Indian officials insisted Asrar Ahmad Khan was killed by a stone, but medical records show he was struck by a tear gas canister and then shot in the face with pellets.
A 17-year-old boy was playing cricket in a Srinagar park when, according to witnesses and his family, a paramilitary convoy made up of eight military vehicles pulled up.
Six of the cars moved on but Indian security forces poured out from the two that remained behind.
“They fired a tear gas canister that hit Asrar’s head” the teenager’s father, Firdous Ahmad Khan told TRT World.
Khan was at a mosque nearby for evening prayers and recalled the events through descriptions given to him by witnesses including Asrar’s friends and cousins who were at the park.
The park is in the middle-class residential locality of Elahi Bagh on the outskirts of Srinagar, the biggest city in Indian administered Kashmir.
Asrar’s friends and cousins, who were at the park on August 6 evening, described the incident as “unprovoked”.
“There was no protest. In fact there never is a protest in our locality,” Adil Ahmad, the teenager’s elder cousin, said.
He added that after he was hit by the canister Asrar was further struck by a hail of shotgun pellets fired by Indian forces.
Firdous Ahmad Khan describes his son Asrar as a well behaved and studious child.
“He was very obedient towards his elders. He never talked in a loud tone,” he said.
For 29 days, Asrar remained in critical condition at the Sher-e-Kashmir Institute of Medical Sciences (SKIMS), where doctors treated him for injuries caused by the tear gas canister and shotgun pellets.
On September 3, Asrar died
His death certificate, obtained by TRT World, recorded the death as being due to “pellet injury with shell blast injury”.
Asrar’s funeral was held in the same park where he had been initially wounded. Given India’s ongoing communications blockade, the news of his death moved slowly through the city.
The clamp down on communication has made it difficult to distinguish fact from rumour, and to challenge outright misinformation.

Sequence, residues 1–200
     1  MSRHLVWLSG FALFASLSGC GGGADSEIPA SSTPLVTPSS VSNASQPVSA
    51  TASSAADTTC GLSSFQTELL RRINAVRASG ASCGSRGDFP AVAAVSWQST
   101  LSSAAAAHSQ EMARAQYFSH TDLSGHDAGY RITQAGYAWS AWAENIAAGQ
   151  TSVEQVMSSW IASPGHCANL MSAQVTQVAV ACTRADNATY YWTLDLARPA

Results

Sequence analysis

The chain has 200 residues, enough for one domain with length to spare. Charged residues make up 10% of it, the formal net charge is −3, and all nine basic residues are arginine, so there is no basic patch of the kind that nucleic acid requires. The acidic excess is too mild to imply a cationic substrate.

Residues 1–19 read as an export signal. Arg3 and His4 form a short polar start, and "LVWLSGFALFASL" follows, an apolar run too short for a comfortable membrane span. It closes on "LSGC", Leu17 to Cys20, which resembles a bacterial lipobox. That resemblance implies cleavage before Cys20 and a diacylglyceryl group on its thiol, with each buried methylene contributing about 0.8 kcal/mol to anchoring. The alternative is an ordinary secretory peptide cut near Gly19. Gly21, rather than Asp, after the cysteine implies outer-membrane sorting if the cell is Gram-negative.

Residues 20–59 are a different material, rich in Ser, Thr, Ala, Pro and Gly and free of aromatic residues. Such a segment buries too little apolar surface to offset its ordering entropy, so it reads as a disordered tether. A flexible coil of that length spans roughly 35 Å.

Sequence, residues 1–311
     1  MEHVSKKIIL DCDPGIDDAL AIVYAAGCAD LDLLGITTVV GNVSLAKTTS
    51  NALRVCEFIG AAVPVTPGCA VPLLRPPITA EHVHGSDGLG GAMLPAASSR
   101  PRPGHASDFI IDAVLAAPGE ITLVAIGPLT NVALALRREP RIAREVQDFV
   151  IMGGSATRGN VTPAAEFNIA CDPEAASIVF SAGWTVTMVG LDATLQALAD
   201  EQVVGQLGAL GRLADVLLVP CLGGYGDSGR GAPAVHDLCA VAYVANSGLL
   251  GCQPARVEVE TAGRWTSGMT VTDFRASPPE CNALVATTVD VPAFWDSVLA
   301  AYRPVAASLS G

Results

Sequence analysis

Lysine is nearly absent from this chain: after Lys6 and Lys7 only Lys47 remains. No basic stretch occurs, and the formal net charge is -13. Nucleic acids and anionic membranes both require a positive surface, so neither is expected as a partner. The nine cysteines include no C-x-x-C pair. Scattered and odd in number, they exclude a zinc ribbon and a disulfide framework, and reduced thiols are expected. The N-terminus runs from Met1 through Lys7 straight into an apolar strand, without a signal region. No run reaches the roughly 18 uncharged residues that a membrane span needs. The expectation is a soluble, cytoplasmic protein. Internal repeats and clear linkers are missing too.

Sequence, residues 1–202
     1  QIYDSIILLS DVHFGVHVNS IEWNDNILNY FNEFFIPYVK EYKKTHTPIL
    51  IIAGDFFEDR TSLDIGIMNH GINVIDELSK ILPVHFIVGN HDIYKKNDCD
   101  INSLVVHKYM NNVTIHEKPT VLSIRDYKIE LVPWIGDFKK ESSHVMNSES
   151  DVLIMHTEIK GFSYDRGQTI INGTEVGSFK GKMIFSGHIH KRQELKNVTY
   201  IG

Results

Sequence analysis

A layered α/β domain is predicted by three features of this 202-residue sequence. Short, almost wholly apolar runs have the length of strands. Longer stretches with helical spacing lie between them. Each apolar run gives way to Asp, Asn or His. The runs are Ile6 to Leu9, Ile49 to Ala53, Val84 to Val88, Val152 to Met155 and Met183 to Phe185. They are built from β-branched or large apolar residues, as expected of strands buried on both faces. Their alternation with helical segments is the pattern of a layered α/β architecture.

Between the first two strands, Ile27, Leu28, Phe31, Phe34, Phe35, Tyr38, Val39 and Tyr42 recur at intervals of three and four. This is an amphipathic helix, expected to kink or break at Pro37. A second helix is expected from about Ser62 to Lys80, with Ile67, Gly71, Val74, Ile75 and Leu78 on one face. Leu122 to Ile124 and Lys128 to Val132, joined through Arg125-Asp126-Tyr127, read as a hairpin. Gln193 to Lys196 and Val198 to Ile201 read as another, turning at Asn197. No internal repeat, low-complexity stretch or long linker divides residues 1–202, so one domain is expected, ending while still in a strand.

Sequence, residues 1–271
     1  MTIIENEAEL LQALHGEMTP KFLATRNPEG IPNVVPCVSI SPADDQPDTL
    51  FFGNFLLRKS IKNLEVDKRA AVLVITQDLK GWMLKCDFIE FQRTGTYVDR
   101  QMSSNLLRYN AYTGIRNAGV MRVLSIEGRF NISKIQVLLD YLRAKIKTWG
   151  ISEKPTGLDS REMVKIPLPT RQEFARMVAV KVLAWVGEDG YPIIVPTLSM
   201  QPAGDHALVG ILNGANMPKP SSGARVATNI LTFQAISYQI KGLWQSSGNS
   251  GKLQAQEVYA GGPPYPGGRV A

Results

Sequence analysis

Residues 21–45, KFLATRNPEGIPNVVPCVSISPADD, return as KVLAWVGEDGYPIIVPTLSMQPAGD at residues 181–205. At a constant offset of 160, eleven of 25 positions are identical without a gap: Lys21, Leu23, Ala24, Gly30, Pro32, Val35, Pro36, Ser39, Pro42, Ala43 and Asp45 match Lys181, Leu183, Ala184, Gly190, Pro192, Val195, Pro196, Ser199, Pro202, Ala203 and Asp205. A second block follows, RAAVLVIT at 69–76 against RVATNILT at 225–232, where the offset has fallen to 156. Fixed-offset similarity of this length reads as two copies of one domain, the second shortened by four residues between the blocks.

It’s within that context, that Indian officials have put forward an alternative account of Asrar’s death.
“He was hit by stone,” a senior police officer told a press conference.
“I am sure about it.”
In early August India revoked Article 370 of the Indian constitution that was intended to prevent demographic changes in the Muslim-majority region.
The abrogation of the law coincided with a blanket crackdown in the state - with phone lines and internet services shut down, curfews imposed, and extra troops drafted in to what is already one of the most heavily militarised regions on Earth.
Despite the huge military and police operation and widespread anti-Indian protests, New Delhi has sought to convey a sense of normality and acceptance of the Indian government’s decision.
Because of the clampdown it was near impossible for Asrar’s friends and family to challenge the official narrative of his death.
However, medical records clearly demonstrate that the Indian narrative was inaccurate.
Asrar’s x-rays show dozens of pellets embedded in his skull and a picture of the teenager taken soon after receiving his wound show his face pockmarked with fresh pellet-sized scars.
Human rights abuses
Since announcing the abrogation, India has launched a far reaching crackdown not just against separatists but the Kashmiri population as a whole.
Pro-India politicians, such as Omar Abdullah and Mehbooba Mufti, have been detained by authorities, as well as upwards of 4,000 other Kashmiris.
Journalists have reported intimidation and threats by Indian forces and those speaking to reporters about the impact of the crackdown have also been detained.
The Indian blockade of communication lines has left families cut off from one another and has seriously hindered the ability of medical staff, such as pharmacists and doctors to do their jobs properly and ensure supplies are kept well stocked.
Condemnation of India’s behaviour has come primarily and nearly exclusively from Pakistan and its ally China but the reaction from western states has largely been meek.
Kashmir is one of the world’s most heavily militarised areas in the world with more than 700,000 Indian soldiers stationed in the Himalayan region, a number that amounts to one soldier for every ten Kashmiri residents.
Before the current crisis, Indian authorities have been criticised for their treatment of Kashmir’s civilian population.
A 2019 report by the UN, condemned India for violence against civilians, including the use of pellet-firing shotguns against civilians.